Hi

I can't see how you deduce that is cyclic from what you've written before.

Lagrange's theorem(or one of his corollary): in a finite group, the order of an element divides the order of the group.

(For what follows, I assume you don't use Sylow's theorems.)

So the elements of have order 1, 5, 7 or 35. The only of order 1 is the identity element . Can the others all be of order 5? We want to show that no.

Let be an element of order . The subgroup generated by has five elements, and four different from . Using Lagrange's theorem, what are their order?

Now, do you agree that in a finite group of order , an element of order is a generator of the group?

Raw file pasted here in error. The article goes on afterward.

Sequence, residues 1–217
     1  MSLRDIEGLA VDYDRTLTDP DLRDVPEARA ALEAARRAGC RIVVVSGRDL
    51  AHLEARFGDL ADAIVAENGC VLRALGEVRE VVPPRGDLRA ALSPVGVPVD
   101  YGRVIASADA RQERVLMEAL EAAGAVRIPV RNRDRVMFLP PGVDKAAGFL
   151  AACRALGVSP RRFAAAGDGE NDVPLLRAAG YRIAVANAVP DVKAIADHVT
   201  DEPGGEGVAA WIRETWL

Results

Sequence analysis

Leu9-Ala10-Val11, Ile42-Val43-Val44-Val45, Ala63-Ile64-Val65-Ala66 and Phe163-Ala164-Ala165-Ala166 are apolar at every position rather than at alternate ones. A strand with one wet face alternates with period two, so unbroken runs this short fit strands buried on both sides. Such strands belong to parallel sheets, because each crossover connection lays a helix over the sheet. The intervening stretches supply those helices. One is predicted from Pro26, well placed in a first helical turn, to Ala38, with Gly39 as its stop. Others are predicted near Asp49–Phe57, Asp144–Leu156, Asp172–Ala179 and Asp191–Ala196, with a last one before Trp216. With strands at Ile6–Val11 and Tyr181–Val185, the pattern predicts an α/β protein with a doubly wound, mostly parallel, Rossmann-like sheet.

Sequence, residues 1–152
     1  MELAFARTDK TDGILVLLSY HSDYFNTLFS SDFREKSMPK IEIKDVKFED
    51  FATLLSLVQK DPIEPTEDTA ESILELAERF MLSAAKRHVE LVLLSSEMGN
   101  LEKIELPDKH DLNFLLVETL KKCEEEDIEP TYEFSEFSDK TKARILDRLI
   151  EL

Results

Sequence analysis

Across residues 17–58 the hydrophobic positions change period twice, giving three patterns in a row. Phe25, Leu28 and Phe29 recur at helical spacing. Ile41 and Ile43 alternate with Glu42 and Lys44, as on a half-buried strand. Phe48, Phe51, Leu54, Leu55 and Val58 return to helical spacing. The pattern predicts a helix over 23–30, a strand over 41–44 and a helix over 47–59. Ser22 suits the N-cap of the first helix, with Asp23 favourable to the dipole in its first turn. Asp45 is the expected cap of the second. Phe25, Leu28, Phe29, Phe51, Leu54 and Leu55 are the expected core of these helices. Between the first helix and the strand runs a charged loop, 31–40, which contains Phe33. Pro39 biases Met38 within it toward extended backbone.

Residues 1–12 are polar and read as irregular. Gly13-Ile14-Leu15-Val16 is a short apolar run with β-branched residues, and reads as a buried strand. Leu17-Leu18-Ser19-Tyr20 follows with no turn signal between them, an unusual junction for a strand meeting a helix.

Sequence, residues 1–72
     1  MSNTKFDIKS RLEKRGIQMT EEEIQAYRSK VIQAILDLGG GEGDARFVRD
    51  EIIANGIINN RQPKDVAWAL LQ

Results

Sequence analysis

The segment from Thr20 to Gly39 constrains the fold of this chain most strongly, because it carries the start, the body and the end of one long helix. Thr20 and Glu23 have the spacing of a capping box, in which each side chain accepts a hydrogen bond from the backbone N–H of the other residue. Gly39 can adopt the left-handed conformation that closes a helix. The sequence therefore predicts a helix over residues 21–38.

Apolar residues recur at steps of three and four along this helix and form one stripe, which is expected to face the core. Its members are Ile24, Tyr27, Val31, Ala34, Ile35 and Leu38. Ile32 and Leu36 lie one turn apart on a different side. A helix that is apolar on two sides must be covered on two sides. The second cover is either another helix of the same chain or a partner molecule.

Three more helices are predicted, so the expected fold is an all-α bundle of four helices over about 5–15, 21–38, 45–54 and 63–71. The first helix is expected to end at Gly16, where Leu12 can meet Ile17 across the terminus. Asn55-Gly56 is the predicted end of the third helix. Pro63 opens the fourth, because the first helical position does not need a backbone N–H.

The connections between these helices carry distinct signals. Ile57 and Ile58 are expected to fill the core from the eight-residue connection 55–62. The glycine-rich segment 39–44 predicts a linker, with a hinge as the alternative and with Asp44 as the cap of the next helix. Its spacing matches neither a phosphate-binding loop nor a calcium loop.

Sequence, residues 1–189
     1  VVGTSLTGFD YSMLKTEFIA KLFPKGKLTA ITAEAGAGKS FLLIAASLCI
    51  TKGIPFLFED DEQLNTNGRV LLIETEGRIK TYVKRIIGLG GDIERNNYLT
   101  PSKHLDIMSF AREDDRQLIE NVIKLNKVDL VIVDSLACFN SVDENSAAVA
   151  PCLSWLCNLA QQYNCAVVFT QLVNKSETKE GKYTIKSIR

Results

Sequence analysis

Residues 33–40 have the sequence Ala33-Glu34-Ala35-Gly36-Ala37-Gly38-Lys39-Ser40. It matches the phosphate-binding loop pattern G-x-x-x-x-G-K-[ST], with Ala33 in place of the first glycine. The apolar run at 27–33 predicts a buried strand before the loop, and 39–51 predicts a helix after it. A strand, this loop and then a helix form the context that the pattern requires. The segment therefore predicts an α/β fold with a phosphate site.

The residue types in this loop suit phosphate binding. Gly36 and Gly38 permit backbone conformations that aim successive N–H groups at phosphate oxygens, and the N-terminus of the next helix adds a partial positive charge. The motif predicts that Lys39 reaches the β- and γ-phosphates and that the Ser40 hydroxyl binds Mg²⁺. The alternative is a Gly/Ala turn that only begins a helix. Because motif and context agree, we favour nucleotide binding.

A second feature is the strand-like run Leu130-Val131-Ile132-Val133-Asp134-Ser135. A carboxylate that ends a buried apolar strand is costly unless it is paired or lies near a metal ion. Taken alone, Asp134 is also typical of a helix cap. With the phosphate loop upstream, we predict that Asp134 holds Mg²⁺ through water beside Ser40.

So let be two elements of order 5 in , what if (i.e. they have a common element)?

Therefore, if all elements in have order 5, all cyclic subgroups have their intersections equal to , and the number of elements in is a multiple of 4, let's say where is a positive integer. Is possible? No? Then contradiction, and all elements can't have order 5.

Same thing with 7.

Finally, if some element has order 35 (i.e. is a generator of ), what about and ?

I guess that we've proved that contains at least an element of order 5 and an element of order 7.

Now, what we want to show is that given a of order 35,ifis abelian,thenit is cyclic.

So if is commutative, what about order ? Conlude